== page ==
Taken with the 90mm Coronado SolarmaxII telescope double stacked with a Daystar Quark to increase image contrast by reducing continuum leakage into the image.

Monday, 19 August 2019

Cycle 24 Equatorial Plage - 17th August

These small bright points are plage, the residual magnetism of cycle 24 on the suns equator.  These will slowly but surely become absent as cycle 24 magnetism is cancelled out and cycle 25 starts to become more prevalent at higher latitudes.  Taken with the 90mm Coronado SolarmaxII telescope double stacked with a Daystar Quark to increase contrast  by reducing continuum leakage.

Sunday, 18 August 2019

Ha Full Disk 17th August

Been a while since i've had the time to observe what with one thing and another.  A quick peek at the sun as a whole shows we are still in the depths of solar minimum, one small prom and a few small filaments are about it.  However polar faculae are visible in both hemispheres.  Taken with a Lunt 50 etalon double stacked with a Daystar Quark.

Wednesday, 7 August 2019

Ha Full Disk - 7th August

The sun really is quiet - there's no prominences, no filaments, just a small flux region and a couple of brighter points of plasma around the solar equator, apart from that it's pretty representative of solar minimum conditions.  Taken with the Lunt 50 etalon, Tecnosky 60mm f6 scope, Daystar Quark, 0.7x solar telecompressor and the FLIR GH3 ICX814M camera.

Tuesday, 6 August 2019

Sodium Full Disk 6th August

I remembered yesterday evening I can use the Na Quark for full disks, and ever the optimist and despite looking on the AIA1700 image first thing and seeing yesterdays pores had gone, I still had a go at a full disk, and you know what - the solar dynamics observatory was right, there were no pores or spots remaining. A blank sodium disk then - one day some spots I promise!

Ha Full Disk - 6th August

Up early as usual, we're in unsettled air with jet stream Atlantic weather blowing in, and experience suggests there's normally a brief window of clear skies just after dawn and just before the heat of the sun gets convection going and clouds bubbling up. This was indeed the case and only had enough time for a couple of full disks, first off things in Ha with my preferred setup of Lunt50 etalon, 60mm f6 scope, Daystar Quark, 0.7x solar telecompressor and FLIR GH3 ICX916M camera. Where we had the emerging flux region yesterday seems to have quietened right back down now, but is still quite bright compared to the background disk. A few brighter points in lower southern latitudes mark the tell tale sign of the cycle 25 jet stream, and a few very small proms and filaments are about it for today.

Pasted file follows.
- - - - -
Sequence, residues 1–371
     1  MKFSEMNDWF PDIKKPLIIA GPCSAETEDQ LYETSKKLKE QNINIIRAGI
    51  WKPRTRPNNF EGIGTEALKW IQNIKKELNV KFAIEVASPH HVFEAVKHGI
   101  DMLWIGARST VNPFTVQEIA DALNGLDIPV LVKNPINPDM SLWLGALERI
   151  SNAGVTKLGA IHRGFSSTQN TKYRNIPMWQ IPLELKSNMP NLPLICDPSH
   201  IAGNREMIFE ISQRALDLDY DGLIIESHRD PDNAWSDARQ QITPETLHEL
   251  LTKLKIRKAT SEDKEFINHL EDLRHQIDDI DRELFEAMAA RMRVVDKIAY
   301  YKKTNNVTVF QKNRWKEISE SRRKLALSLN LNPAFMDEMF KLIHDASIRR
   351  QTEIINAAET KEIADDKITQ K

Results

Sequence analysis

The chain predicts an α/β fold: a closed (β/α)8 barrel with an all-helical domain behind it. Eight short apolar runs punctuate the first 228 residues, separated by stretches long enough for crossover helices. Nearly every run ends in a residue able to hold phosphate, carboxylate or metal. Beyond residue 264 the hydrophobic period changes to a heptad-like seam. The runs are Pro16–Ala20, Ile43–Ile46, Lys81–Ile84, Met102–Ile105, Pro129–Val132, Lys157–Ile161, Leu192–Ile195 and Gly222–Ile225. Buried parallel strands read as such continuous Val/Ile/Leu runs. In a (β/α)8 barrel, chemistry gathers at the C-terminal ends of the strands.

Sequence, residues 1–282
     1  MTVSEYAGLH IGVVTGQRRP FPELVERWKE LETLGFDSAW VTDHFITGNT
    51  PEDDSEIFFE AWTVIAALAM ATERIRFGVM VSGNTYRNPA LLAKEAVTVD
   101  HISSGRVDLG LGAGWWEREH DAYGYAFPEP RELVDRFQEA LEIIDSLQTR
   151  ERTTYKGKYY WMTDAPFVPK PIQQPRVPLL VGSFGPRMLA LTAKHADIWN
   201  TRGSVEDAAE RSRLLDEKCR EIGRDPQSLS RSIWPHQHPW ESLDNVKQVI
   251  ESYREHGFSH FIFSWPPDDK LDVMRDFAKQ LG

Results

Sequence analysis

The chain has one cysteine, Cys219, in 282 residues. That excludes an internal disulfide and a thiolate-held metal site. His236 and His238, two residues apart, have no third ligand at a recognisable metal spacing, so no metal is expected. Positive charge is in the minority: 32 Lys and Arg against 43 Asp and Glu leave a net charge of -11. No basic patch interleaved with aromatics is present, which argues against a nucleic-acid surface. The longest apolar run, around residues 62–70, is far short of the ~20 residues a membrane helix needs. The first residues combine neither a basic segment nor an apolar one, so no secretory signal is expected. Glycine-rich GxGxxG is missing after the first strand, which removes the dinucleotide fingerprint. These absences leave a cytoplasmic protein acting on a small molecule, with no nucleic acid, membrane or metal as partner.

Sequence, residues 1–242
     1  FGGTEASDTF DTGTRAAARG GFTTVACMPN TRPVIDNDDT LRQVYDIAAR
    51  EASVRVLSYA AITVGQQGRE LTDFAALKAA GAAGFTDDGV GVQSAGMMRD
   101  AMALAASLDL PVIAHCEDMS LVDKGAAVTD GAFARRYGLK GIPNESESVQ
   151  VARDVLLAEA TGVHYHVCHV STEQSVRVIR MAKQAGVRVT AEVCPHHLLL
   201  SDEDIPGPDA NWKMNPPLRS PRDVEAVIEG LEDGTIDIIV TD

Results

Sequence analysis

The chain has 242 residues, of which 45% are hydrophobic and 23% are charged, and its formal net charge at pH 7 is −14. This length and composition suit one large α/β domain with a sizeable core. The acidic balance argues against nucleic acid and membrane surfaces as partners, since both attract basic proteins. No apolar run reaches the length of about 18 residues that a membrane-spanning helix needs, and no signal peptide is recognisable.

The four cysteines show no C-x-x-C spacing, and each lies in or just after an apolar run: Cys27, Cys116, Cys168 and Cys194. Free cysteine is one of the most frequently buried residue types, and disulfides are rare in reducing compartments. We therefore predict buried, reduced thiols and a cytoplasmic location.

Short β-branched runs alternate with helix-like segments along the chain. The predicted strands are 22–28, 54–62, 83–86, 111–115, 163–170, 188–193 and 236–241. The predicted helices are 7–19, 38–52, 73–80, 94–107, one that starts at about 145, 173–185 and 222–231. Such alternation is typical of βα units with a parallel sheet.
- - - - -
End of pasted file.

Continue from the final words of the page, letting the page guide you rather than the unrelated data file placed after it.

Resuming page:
Monday, 5 August 2019

Emerging Flux Regions - 5th August

There were 2 small emerging flux regions visible today on out star.  At its height the EFR on the right also sported small pores where the flux tubes broke through the photosphere, in Ha and higher up in the chromosphere they manifest as darker and cooler regions of plasma that arc and follow the magnetic field lines.  Taken with the Coronado SM90ii double stacked with the Daystar Quark and the FLIR GH3 ICX916M camera.

Old Active Region Remnants - 5th August

If you look back on this website in the archives to April this year you will see we had some quite large active regions gracing the solar equator.  Now, several rotations later this region of turbulent plage is all that remains.  Will it be visible in 2 weeks time when the area rounds the limb again?  Who knows?  Taken with the Coronado SM90 double stacked with the Daystar Quark.